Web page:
Most people working in the electrical engineering field are educated to at least the bachelor-degree level. Such a qualification provides broad coverage of the field as a whole, while also offering a deeper knowledge in some areas, depending on students’ chosen degree modules.
The qualifications that are traditionally associated with attaining a bachelor’s degree may be enough to land a variety of jobs. However, a candidate with a relevant master’s degree will almost always be chosen to fill a position over a candidate with a lesser qualification, as employers’ requirements for master’s-level qualifications are linked to their requirements (for specific skills, abilities, knowledge, and so on). The higher degree also commands a higher salary.
Overall, the average annual salary for an electrical engineer with a bachelor’s degree is €87,000, while it is €99,300 for those with a master’s degree. Such disparity remains even for jobs with the same title: a senior systems engineer with a master’s degree will take home €82,500, compared to €78,500 for the bachelor, for instance.
But, it’s not all about the money. There are a number of factors to consider before plunging further into the pool of education.
A crowd of students attending a graduation ceremony. Image courtesy of Pixabay.
Considering The Cost of Your Higher Education
Under Article 14 of the EU Charter of Fundamental Rights, everyone is entitled to a free education, and while the maximum qualification offered by individual countries varies, as long as you’re an EU citizen, you’ll be able to take advantage of a tuition-free master’s degree in an electrical engineering field (although not necessarily in your own country).
Currently, Norway, Denmark, Finland, Sweden, Poland, and the Czech Republic are the European countries that offer completely fee-free master’s degrees; whereas in Belgium, France, Iceland, Germany, and Austria, fees are typically under €1,000.
Beyond tuition fees, you’ll also need to consider living costs in the host country and factor in the moving expenses, as well as whether you’ll be earning a wage while working towards your master’s qualification. If you’re not able to work during your education, then regardless of tuition, you can think of the cost being that of your lost salary.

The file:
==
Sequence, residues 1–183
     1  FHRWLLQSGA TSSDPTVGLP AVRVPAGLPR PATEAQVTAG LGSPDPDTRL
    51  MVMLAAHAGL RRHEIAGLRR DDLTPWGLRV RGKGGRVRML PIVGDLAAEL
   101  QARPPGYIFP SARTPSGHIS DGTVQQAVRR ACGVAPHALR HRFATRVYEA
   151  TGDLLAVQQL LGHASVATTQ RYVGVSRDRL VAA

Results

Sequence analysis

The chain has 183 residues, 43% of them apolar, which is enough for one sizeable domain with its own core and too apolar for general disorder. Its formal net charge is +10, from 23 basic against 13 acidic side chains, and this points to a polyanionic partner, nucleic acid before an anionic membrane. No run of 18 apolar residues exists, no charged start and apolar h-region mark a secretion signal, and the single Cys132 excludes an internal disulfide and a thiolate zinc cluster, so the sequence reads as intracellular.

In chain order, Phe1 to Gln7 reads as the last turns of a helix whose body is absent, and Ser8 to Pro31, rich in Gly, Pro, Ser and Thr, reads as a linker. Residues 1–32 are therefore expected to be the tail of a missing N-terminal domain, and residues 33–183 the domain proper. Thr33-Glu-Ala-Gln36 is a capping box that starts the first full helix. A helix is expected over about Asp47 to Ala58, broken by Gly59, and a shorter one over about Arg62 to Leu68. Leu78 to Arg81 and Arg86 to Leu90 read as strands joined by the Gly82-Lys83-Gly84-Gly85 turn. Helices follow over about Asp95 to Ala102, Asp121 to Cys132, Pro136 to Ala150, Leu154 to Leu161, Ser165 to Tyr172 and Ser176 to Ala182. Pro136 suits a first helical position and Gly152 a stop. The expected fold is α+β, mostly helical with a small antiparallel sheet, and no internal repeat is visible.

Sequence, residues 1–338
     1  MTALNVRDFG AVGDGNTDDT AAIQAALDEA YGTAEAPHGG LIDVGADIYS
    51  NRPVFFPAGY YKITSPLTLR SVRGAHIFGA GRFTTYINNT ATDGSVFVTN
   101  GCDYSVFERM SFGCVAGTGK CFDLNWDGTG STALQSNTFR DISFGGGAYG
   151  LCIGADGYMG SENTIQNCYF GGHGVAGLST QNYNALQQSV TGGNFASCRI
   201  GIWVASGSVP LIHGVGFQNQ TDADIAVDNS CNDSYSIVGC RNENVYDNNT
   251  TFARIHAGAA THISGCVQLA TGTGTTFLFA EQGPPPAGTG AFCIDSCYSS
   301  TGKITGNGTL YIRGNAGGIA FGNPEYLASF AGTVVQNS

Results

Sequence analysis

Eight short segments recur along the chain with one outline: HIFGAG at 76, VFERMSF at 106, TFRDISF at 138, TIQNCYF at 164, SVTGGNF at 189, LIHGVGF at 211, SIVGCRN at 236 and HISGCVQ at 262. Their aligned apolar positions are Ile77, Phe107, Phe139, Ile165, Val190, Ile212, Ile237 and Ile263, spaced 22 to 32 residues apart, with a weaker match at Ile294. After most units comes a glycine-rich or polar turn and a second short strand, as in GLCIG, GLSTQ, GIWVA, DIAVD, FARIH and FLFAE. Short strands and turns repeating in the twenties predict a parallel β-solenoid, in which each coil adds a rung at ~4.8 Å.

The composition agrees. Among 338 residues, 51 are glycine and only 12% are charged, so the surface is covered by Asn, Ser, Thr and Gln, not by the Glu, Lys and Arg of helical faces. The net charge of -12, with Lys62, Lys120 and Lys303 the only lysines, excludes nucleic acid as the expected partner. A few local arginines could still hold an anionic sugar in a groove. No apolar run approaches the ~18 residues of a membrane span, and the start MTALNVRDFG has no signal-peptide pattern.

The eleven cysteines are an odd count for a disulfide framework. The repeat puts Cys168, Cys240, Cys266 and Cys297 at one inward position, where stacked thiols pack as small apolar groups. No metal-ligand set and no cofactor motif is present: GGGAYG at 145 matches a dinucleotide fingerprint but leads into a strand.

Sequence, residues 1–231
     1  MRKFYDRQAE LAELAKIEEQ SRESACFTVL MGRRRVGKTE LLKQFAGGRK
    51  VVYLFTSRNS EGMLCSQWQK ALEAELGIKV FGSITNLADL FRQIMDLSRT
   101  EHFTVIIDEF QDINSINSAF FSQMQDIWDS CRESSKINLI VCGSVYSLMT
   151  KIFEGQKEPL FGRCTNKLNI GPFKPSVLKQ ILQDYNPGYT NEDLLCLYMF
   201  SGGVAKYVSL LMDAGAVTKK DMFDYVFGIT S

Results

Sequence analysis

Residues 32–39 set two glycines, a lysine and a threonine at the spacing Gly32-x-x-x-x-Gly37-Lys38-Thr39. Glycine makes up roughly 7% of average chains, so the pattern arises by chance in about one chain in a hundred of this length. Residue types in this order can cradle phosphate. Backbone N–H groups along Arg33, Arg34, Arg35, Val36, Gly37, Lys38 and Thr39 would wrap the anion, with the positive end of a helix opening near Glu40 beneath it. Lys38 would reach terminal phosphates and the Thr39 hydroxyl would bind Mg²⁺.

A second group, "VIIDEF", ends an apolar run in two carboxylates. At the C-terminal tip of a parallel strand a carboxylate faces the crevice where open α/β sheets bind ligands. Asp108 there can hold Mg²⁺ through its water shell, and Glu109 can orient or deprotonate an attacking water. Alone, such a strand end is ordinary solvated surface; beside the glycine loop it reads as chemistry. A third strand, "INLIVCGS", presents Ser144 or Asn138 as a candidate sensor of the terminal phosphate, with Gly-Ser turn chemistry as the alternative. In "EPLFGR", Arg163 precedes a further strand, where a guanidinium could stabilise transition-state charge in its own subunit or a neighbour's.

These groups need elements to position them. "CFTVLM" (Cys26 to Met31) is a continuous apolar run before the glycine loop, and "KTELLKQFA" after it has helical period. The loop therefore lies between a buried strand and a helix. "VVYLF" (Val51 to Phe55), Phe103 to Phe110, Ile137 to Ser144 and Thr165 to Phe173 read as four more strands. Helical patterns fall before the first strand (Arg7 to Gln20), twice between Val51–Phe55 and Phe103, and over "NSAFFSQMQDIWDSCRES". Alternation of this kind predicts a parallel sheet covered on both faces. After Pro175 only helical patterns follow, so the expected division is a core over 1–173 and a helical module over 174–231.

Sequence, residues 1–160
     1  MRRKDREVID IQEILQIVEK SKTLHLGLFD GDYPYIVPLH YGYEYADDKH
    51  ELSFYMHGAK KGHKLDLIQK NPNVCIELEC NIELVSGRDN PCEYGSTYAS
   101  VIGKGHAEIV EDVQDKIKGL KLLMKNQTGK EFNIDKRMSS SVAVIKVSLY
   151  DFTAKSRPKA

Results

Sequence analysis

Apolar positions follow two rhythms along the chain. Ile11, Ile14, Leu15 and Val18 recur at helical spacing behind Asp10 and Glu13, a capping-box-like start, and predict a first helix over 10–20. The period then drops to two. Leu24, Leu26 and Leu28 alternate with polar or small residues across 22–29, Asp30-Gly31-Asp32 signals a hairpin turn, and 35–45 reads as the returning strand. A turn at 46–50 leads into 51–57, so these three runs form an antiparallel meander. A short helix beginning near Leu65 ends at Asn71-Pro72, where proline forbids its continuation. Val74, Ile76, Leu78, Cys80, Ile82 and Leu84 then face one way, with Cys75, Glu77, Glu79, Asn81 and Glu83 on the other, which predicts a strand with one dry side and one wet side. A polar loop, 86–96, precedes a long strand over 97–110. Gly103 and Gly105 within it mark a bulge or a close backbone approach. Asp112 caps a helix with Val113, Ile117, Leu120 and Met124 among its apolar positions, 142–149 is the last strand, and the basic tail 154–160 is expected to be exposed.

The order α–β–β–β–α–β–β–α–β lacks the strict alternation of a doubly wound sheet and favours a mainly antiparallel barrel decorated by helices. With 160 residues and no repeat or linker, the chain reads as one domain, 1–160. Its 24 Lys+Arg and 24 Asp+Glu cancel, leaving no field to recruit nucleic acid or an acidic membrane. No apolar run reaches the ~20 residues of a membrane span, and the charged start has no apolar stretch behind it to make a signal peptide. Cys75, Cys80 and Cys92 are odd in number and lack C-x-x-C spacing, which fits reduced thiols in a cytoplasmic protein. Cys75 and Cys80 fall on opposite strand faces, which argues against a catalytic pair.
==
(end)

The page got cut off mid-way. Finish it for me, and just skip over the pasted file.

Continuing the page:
Considering The Usefulness of Your Qualification
A bachelor’s degree is an academic achievement and has the potential to open many doors in the field of electrical engineering. It means that the degree holder is experienced and qualified— to at least a basic level—in specialities such as design, power systems, modelling, circuits, photonics, and signal processing.
Further still, a master’s degree reflects that the holder is a leading light in their field with an astounding depth of knowledge in their specific areas.
The depth of such knowledge, however, often comes with a more narrow scope of understanding in different subjects. Courses are either 1 or 2 years and the modules tend to drill down deeper into very specific technologies. Earning a master’s degree with modules that focus on advanced AC drives and renewable generation technologies is unlikely to help holders if they later decide to change their specialisation to wireless communication systems, for instance.
A computer sits surrounded by cabled machinery. Image courtesy of Flickr.
The Employability Prospects
Engineers with master’s degrees are more likely to be hired; however, in a search for electrical engineering jobs on Indeed, of the first 16 job advertisements, only 2 mentioned master’s degrees, and the qualification wasn’t essential for either of them. Instead, relevant experience in the field appeared to be much more desirable to the job advertisers. Of the 15,000 electrical engineering jobs on the platform, only 223 even mentioned master’s degrees in the description, and for most of these, a bachelor’s degree was acceptable.
Engineers considering a master’s degree to further their careers need to consider that the emergence of new technologies can cause entire fields to collapse quickly and make their new qualification irrelevant. Conversely, a master’s degree in new or rapidly developing areas such as renewable energy, machine learning, or automation is likely to be in demand in the future.
Of course, there’s no need for professional and academic advancement to stop at the master’s level. If you’re committed to learning more about your craft and advancing the frontiers of the field, PhDs in electrical engineering are offered throughout the European Union, and even fully funded in some countries, such as Denmark.
A Ph.D. may also make job applicants more attractive. In our said Indeed.co.uk search for electrical engineering positions in the UK, 106 posts mentioned a Ph.D.—although, again, while a Ph.D. was ‘welcome’ or ‘preferred’, it was not essential to any of them.